Procurement fraud costs UK more than £5 million

31 January 2012

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31 January 2012 | Angeline Albert

Public and private sector organisations lost more than £5 million in procurement fraud during 2011, based on a number of purchasing-related UK prosecutions last year.

KPMG's Fraud Barometer results, published yesterday, analysed criminal cases in the UK last year and found seven cases of purchasing fraud totalling £5,096,805. The amount of overall fraud last year topped £3.5 billion.

A spokesman for KPMG said: “Criminals have, in some cases, been trying to fool procurement staff by convincing them to change suppliers’ details. However, there have been cases of buyers in the public and private sector appearing in court for alleged procurement fraud.”  

In one case, £2 million was lost by a public sector organisation because organised criminals, pretending to be a legitimate supplier, told the purchasing department that an existing supplier’s bank details had changed. In another case, £117,812 was stolen from an NHS trust after a purchasing employee created a fictitious care home supplier. The buyer linked the care home to a legitimate customer’s details to limit suspicion and made illegal payments their own bank account.

In September, Kent County Council's former head of energy procurement Ross Knowles pleaded not guilty to charges of fraud and transferring criminal property. Knowles was part of local authority energy buying group LASER, which represented 106 local authorities in the south of England. One of the charges against Knowles related to him allegedly negotiating a management fee from an energy supplier. The fraud was worth more than £2 million. He is expected to appear at Maidstone Crown Court on 19 March. The authority told SM: "While Mr Knowles' case is before the courts it would be inappropriate for Kent County Council to make any comment."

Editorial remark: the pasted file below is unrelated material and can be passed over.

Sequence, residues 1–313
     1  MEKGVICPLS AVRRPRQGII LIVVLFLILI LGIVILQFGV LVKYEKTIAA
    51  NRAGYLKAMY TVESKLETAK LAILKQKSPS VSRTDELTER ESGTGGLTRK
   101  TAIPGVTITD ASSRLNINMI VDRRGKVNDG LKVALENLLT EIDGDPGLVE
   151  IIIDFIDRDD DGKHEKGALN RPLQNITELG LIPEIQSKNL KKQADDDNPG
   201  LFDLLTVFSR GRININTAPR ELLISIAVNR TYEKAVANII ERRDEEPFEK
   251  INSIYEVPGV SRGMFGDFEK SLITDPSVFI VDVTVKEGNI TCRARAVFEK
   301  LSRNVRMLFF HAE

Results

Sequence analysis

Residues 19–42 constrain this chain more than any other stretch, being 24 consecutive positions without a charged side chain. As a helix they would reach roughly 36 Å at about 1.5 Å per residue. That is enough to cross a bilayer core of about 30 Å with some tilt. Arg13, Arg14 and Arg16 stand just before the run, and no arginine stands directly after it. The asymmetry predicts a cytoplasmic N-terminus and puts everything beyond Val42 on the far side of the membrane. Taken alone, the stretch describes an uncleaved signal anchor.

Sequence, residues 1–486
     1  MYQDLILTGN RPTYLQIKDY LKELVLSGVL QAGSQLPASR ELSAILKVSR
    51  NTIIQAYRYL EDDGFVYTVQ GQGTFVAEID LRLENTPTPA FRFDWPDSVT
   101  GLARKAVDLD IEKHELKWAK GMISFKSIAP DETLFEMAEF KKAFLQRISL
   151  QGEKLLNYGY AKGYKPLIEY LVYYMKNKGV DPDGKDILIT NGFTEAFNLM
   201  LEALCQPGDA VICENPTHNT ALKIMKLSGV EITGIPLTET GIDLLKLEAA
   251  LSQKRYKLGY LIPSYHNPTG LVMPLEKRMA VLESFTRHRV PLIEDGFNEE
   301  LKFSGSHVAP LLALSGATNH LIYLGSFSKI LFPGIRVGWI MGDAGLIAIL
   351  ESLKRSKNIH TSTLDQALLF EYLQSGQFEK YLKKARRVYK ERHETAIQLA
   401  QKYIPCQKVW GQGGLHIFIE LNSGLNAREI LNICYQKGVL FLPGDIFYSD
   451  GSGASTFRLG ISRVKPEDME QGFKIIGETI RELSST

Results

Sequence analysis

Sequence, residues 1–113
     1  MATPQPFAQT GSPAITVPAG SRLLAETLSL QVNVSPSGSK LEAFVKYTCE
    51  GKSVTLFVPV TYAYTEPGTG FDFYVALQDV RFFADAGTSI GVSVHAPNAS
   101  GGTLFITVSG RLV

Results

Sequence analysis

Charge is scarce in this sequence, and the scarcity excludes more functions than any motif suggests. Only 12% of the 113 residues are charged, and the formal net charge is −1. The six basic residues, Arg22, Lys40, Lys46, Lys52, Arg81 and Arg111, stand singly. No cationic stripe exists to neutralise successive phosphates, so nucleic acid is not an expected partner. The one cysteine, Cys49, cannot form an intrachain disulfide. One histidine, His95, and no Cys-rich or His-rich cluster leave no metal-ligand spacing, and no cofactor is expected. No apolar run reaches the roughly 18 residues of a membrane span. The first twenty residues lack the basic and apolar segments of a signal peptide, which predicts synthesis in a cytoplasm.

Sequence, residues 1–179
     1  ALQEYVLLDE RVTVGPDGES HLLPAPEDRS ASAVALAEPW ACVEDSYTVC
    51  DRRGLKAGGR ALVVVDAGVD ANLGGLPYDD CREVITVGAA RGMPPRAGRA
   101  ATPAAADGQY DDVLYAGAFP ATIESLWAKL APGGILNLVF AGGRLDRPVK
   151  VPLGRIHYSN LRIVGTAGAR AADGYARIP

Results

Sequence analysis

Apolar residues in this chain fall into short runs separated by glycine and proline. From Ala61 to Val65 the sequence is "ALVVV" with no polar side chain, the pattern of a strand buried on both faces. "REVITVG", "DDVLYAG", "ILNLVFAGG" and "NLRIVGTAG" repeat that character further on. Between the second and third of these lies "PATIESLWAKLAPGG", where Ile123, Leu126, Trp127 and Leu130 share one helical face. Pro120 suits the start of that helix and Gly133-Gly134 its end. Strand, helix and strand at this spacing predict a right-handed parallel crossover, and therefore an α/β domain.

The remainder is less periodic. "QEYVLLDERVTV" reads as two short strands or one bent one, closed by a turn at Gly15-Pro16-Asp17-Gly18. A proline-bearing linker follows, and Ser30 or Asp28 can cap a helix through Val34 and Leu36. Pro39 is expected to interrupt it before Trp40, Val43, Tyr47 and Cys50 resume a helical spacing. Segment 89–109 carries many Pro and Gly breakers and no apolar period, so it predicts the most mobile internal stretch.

The UK government estimates procurement fraud costs the public sector £2.4 billion a year. The figure is based on the government’s annual fraud indicator, which includes fraud occuring at the tender stage as well as during the life of a contract. This is broken down into £1.5 billion from central government department budgets and £855 million from local government.


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